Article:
This disabled man was then charged with DUI and spent the next 8 1/2 years in prison. But the Rabbi of the prison helped him to find G-d in all this suffering and slowly he returned to his Jewish roots. Now, for the Jewish holiday of Shavuot, commemorating the giving of the Torah to all the Jewish people, he was in synagogue, holding his prayer book and receiving the Ten Commandments with the rest of the congregants.
If this man who’s body was crushed, leg lost, and who spent so many years in prison could find the good and his way back to Hashem, then there is hope for all of us who can learn, grow, and turn our lives around as well. G-d is there in the darkness and in the light, and we have to find Him and believe.
Reincarnation actually makes so much sense, especially when you see that G-d can and does bring people back to the world when they still have life lessons to learn and growth to be achieved. It’s part of our preparation and our soul’s purification process to go back to Hashem.
Obviously, we are not G-d, and don’t have the time and event perspective of Hashem who was, is, and will be. However, if we understand that G-d has a plan, everything is connected, and there is a reason for everything, then we can go through life inspired to do the right thing ourselves even when we are challenged by our circumstances.
G-d, who is infinitely compassionate, did the most compassionate thing, which was to create us and give us the ability to be compassionate on others. The way we bring Hashem to reside with us is to transform the world (tikkun olam) “to make it a place that G-d can call home.” We do this by performing acts of loving kindness, making the mundane holy, and manifesting G-d’s divine providence. In essence, it’s not enough for us to know G-d exists, but we need to be a light unto the nations to reveal G-d’s unity, sanctity, and ongoing relationship with his creations to everyone in the world.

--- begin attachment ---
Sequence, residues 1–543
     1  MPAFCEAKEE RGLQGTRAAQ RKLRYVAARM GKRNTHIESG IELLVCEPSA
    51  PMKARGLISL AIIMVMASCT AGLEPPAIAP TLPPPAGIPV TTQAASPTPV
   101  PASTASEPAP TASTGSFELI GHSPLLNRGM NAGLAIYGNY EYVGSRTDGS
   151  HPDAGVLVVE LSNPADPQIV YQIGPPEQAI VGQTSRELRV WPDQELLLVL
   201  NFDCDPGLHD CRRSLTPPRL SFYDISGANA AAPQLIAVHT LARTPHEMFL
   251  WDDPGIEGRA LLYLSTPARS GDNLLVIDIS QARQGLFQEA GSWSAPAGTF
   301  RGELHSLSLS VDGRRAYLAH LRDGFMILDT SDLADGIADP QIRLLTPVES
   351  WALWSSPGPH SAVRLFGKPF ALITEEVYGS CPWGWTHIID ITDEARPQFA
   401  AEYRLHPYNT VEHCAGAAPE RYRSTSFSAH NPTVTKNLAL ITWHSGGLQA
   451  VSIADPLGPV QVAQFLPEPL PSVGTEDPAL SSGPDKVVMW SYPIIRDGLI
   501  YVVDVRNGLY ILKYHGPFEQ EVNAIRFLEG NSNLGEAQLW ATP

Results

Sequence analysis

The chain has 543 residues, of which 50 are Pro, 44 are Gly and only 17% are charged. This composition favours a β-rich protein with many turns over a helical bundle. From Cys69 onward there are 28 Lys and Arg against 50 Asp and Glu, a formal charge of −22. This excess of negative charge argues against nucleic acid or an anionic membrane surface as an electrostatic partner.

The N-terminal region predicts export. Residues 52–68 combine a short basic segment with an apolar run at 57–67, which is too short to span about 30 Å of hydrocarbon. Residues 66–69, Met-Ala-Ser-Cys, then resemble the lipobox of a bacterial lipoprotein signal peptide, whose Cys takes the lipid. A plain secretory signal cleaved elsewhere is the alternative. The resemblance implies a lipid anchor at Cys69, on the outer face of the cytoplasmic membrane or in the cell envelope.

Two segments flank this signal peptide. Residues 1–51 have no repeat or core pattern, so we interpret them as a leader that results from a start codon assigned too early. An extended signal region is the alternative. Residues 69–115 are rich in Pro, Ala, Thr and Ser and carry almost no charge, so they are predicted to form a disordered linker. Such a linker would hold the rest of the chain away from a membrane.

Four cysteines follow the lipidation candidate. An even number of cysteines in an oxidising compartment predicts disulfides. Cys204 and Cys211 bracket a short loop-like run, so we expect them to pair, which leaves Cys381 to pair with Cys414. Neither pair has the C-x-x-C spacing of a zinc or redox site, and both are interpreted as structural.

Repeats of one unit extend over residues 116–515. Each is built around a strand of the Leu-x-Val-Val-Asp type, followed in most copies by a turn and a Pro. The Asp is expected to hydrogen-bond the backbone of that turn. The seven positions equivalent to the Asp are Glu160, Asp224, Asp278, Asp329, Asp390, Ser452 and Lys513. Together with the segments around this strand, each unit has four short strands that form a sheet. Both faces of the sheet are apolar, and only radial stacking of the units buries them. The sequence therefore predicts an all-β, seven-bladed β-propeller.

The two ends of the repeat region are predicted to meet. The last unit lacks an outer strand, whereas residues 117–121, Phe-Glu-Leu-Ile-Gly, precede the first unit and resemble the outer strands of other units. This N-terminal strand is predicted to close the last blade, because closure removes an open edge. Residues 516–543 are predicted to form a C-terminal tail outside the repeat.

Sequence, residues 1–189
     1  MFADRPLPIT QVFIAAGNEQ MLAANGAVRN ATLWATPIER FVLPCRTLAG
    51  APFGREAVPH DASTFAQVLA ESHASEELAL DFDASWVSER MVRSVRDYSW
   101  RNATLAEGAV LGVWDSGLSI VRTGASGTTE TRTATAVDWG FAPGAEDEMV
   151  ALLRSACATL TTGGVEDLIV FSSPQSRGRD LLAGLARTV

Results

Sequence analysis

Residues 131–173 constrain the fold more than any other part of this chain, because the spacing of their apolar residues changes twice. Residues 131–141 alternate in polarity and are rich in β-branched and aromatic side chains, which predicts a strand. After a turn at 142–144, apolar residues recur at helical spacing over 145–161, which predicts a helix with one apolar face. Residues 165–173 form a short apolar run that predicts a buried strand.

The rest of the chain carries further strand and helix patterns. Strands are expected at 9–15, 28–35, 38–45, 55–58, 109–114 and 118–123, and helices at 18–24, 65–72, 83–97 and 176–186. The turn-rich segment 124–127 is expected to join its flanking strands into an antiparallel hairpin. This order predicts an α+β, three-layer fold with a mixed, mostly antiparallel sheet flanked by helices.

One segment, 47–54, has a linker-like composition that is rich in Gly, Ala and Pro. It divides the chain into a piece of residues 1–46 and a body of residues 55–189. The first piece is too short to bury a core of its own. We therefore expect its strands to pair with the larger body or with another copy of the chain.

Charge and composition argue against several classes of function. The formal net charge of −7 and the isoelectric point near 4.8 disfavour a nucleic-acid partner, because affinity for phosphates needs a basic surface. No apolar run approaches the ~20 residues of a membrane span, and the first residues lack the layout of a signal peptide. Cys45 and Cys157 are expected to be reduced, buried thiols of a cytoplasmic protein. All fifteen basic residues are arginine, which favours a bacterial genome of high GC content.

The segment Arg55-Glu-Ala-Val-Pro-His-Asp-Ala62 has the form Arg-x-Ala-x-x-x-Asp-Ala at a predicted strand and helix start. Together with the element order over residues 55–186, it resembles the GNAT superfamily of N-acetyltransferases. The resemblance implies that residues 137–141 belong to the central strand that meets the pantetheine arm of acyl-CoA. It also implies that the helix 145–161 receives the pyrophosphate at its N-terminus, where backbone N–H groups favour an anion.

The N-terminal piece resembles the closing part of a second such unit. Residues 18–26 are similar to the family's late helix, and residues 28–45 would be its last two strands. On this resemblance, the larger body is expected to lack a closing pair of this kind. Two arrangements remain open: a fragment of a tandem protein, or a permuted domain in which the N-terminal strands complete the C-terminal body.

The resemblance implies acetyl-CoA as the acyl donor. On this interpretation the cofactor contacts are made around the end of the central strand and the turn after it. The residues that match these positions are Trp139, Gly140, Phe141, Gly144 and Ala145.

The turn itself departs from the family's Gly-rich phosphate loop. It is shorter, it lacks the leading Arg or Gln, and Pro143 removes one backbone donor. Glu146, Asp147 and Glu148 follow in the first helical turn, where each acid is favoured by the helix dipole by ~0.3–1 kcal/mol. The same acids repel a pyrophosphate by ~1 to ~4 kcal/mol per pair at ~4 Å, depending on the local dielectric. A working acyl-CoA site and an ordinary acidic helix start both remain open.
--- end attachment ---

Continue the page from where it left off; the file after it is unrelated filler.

Like the story of the priest from the Holocaust, we don’t believe G-d exists, but rather, we know He exists. And when we perform our mission in this world by doing good deeds and manifesting G-d’s oneness and divine providence then we make this a place where G-d wants to reside with us in this world as well as in the world to come.
During Covid-19, it is easy to get down about all the people getting sick (many dying) and for the rest of us the intense feelings of isolation. However, during this time (and particularly this week of Thanksgiving), I am learning the importance of staying positive and appreciating all G-d’s blessings that we do have. More broadly, I am coming to understand that inside a person, G-d exists amidst love, kindness and cheerfulness: these are elements that nourish the flame of our soul and wherein G-d happily coexists with us. It makes a lot of sense that when we are angry, jealous, or sad, the holy Shechinah (presence of G-d) cannot fully reside inside us. Because G-d Himself is gracious, kind, and loving and created us from this, so His spirit within us (our soul) flourishes amidst these feelings, but diminishes within us like a flame without oxygen when we distance ourselves emotionally and spiritually.
Just like one candlelight extinguishes the darkness around it, so also the light that we nurture within ourselves can extinguish the darkness that we occasionally feel inside.